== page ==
When you round the corner at Cape Otway heading west, the wild ocean factor multiplies. The waves are bigger, the cliffs are higher and the ocean seems vaster. It feels wild and remote. The hardy few who surf these raw swells mostly seem to know each other. They are a select bunch. The paddle-outs are long, the waves can be huge, the rips require local knowledge and paddling fitness. The tracks into some of these surf breaks are secret surfers’ business. So are many of the names of favourite breaks. Tribalism exists in and out of the surf. Some of the breaks are so good they inevitably became famous. Two Mile and Gibson Steps (Gibbos) are in this category. Proximity to roads and towns and the internet didn’t help keep these secret. Unlike the north shore of Hawaii, rescue resources for surfers here are simple – they are attached to your shoulders. If you can’t save yourself the local view is that you shouldn’t be out there. But don’t read that as an invitation. If you’re not connected, the local view is that you shouldn’t be out there anyway.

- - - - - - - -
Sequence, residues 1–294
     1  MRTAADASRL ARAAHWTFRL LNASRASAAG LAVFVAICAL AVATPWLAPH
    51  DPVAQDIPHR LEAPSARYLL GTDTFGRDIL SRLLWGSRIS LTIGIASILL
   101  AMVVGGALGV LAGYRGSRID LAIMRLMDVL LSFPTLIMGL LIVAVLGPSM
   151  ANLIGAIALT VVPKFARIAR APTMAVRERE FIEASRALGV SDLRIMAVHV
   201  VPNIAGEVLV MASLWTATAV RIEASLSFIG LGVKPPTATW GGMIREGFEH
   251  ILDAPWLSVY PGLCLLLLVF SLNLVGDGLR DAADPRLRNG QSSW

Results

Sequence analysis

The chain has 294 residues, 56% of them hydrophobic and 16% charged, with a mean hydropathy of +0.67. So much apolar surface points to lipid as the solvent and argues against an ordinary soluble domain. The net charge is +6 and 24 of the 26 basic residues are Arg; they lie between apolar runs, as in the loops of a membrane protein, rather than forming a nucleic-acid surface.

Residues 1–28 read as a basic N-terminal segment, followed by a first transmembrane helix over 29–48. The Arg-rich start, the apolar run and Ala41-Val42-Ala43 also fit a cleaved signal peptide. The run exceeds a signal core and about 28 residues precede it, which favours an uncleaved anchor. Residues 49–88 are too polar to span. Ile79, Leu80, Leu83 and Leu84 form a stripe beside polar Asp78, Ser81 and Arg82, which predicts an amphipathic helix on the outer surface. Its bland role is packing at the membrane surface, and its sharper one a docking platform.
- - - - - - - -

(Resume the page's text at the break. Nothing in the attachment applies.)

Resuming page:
On this day, there were plenty off whales well offshore. I identified only humpback whales, but the southern right whale is commonly sighted during the whale season here. Some swim closer to shore during their migration east in the winter months, but most travel well out to sea.
We found a vantage point on cliffs in the area which offered this view of the Twelve Apostles. It was way in the distance, but the 150-600mm telephoto lens at full stretch was able to capture this image. For me, it’s a fresh image of these iconic features which are nearly always photographed from the other side. Many locals who have seen this image were similarly surprised to see them from this angle.
Getting to this vantage point involved being off-road and off-track, and some bush bashing on foot. I was standing over 11kms from the Twelve Apostles when I took this photo.
Below is the uncropped photo of this humpback whale shown immediately above. I prefer this image to the one above. The whale’s domain is the vast oceans of earth, not just the water in its immediate vicinity at any given time. I find the above image interesting in its detail, but the one below draws me in somehow, and makes me want to keep gazing at it, pondering.